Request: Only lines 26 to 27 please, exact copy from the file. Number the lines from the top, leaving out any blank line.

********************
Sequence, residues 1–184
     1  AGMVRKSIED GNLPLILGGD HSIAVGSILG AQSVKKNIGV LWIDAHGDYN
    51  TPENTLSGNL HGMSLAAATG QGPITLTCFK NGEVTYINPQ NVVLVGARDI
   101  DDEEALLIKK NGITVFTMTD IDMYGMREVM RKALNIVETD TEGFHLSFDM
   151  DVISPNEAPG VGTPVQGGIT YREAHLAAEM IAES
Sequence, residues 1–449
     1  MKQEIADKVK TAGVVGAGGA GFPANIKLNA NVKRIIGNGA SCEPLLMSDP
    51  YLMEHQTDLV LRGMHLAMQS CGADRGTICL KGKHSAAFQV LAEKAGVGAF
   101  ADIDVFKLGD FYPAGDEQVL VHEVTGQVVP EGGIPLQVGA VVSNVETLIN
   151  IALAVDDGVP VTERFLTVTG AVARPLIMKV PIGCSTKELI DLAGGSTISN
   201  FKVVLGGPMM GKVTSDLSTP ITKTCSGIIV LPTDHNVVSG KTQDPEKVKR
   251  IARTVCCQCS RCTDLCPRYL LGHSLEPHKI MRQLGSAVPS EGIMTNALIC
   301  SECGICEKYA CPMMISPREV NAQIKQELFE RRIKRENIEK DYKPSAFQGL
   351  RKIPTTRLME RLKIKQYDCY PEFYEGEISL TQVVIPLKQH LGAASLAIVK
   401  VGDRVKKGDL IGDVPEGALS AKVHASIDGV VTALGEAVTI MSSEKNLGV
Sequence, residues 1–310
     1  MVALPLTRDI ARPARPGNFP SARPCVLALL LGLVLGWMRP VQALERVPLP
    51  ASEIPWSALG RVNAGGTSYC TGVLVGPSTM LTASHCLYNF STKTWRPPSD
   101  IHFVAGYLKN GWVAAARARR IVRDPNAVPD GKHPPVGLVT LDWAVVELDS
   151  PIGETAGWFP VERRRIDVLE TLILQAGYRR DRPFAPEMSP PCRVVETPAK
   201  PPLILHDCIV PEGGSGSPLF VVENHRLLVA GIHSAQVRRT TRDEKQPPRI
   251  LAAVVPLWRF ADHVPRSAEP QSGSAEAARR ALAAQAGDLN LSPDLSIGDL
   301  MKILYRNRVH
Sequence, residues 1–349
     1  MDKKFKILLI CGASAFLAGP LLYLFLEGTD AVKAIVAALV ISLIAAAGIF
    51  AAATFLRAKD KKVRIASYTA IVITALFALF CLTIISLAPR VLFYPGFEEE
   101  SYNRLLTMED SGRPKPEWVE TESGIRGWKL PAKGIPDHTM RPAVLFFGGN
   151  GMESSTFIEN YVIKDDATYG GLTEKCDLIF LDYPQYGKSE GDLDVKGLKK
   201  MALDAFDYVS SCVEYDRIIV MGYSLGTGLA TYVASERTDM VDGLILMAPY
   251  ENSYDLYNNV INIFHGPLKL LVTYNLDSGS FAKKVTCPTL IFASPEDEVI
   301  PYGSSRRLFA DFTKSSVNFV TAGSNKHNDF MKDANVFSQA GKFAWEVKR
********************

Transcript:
    51  AAATFLRAKD KKVRIASYTA IVITALFALF CLTIISLAPR VLFYPGFEEE
   101  SYNRLLTMED SGRPKPEWVE TESGIRGWKL PAKGIPDHTM RPAVLFFGGN